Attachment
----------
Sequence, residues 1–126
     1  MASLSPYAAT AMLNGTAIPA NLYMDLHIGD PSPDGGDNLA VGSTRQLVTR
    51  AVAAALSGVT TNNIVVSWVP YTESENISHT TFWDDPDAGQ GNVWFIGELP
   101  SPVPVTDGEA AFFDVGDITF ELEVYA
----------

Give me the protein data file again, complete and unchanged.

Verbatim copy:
Sequence, residues 1–126
     1  MASLSPYAAT AMLNGTAIPA NLYMDLHIGD PSPDGGDNLA VGSTRQLVTR
    51  AVAAALSGVT TNNIVVSWVP YTESENISHT TFWDDPDAGQ GNVWFIGELP
   101  SPVPVTDGEA AFFDVGDITF ELEVYA